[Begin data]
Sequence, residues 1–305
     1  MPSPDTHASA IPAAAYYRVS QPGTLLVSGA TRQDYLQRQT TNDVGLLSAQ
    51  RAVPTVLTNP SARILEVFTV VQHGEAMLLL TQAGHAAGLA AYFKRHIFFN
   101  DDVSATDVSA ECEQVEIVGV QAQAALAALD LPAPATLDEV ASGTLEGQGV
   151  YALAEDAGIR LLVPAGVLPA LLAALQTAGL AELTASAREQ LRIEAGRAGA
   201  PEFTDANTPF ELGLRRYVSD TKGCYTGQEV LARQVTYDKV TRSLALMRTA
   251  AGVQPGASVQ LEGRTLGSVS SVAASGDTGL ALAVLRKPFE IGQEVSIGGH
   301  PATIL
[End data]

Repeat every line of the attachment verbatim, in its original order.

Sequence, residues 1–305
     1  MPSPDTHASA IPAAAYYRVS QPGTLLVSGA TRQDYLQRQT TNDVGLLSAQ
    51  RAVPTVLTNP SARILEVFTV VQHGEAMLLL TQAGHAAGLA AYFKRHIFFN
   101  DDVSATDVSA ECEQVEIVGV QAQAALAALD LPAPATLDEV ASGTLEGQGV
   151  YALAEDAGIR LLVPAGVLPA LLAALQTAGL AELTASAREQ LRIEAGRAGA
   201  PEFTDANTPF ELGLRRYVSD TKGCYTGQEV LARQVTYDKV TRSLALMRTA
   251  AGVQPGASVQ LEGRTLGSVS SVAASGDTGL ALAVLRKPFE IGQEVSIGGH
   301  PATIL